Working with is a critical distinction. While technology will inevitably take jobs, just as it has done in the past, in many cases it will complement them. So the trick here, if there is one, is to use technology as a tool to enhance what you do.

For example, the deployment of machine learning in medical imaging is unlikely to replace doctors; rather, it’s a tool the doctor can use to improve the efficacy of diagnosis. Similarly, robo-advice is unlikely to replace financial planners; rather, it frees up the planner to focus on complex portfolios and provide other value added services.

In other words, the future of work isn’t so much about competing against the robots as it is about leveraging your human talents to do what the robots can’t. The software can crunch the numbers in a heartbeat… it’s up to you to interpret what they mean (critical thinking) and use them to inform a course of action (decision making).

Moreover it’s not just about interacting with technology; it’s also about interacting with people. I’m referring to “soft skills” such as communicating your findings to your target audience (storytelling), hitting your mark (empathy) and motivating them to change (influencing).

And of course it’s about your own innate ability to handle change (eg adaptivity, resilience and active learning).

Robots - You - Humans

Of course, even if Jim did upskill himself in online course development, the company may very well have ended up outsourcing that work to an offshore provider. So the question isn’t merely whether the work you do can be automated, but also if it can be done by someone else at a fraction of the cost.

Hence ongoing employability demands lifelong learning to continue to do what other people can’t.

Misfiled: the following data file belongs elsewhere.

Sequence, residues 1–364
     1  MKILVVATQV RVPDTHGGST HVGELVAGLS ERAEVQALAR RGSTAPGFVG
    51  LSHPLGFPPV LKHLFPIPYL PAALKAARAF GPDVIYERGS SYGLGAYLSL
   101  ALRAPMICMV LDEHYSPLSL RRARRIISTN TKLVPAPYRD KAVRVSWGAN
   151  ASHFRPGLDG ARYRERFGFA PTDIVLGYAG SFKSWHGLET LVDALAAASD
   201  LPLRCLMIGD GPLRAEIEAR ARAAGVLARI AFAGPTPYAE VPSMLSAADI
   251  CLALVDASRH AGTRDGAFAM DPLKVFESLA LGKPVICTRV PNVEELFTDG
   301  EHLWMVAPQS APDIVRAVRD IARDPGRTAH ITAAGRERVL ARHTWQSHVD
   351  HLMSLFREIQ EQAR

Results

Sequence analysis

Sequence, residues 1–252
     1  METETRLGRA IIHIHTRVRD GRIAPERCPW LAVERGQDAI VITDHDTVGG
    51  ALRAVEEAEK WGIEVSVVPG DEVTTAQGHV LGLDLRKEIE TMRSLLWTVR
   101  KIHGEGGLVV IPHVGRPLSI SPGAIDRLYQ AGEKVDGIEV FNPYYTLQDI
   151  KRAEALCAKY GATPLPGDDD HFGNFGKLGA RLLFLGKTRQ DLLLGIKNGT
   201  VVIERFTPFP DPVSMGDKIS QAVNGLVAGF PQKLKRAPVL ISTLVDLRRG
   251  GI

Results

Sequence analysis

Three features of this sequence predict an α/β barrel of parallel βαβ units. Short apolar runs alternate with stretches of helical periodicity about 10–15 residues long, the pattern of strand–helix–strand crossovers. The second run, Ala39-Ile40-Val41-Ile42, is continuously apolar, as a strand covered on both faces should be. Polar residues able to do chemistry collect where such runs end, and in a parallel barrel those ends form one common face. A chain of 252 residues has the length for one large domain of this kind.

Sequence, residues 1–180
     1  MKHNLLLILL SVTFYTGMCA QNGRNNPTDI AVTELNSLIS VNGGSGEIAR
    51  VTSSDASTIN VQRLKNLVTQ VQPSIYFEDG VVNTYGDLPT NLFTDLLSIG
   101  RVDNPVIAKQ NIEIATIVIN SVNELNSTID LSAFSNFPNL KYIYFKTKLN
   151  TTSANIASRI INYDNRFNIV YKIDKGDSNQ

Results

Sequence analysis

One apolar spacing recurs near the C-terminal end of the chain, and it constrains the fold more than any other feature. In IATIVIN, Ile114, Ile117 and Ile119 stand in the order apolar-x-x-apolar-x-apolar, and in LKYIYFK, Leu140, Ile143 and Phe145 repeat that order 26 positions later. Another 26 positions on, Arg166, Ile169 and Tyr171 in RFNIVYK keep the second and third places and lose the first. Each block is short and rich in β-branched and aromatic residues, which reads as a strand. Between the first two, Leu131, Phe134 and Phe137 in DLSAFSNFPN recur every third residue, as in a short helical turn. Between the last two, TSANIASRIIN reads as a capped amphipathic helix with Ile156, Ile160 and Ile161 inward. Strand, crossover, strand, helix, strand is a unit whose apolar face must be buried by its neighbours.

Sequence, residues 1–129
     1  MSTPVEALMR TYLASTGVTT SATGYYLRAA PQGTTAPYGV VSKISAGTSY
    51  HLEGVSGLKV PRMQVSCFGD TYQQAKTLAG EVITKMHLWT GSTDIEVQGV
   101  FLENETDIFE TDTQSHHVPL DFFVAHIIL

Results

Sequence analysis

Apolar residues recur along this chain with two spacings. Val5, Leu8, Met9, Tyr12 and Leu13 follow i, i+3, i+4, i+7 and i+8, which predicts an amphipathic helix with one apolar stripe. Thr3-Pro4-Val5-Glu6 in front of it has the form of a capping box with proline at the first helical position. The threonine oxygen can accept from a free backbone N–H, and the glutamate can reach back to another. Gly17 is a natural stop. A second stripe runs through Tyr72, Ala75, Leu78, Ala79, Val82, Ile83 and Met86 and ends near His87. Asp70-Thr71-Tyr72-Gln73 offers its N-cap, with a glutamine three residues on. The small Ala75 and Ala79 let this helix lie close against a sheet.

Skills of the future aren’t just your defence against the robots. They’re also your defence against other humans.

Digital Learning conferences in Australia in 2021

Posted 5 January 2021 by Ryan Tracey
Categories: conference

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Let’s try that again.

Just as we were gearing up for another year’s worth of cutting edge insights and showcases, the coronavirus had other ideas.

While some of the digital learning conferences I had listed for 2020 went ahead as planned, others pivoted to virtual delivery, while the rest were ironically postponed or cancelled.

Although in this country we remain confident in vaccination and elimination, the genie is out of the bottle and this year we’ll see an unprecedented number of events offered virtually or via a hybrid format.

Coffee mug next to a laptop featuring numerous attendees in an online meeting

Virtual, 24-25 February 2021

Disruptive Innovation Summit
Sydney, 17-19 March 2021

International Conference on Virtual and Augmented Reality Simulations
Melbourne, 20-22 March 2021

Learning & Development Leadership Summit
Sydney, 23-24 March 2021

AITD Conference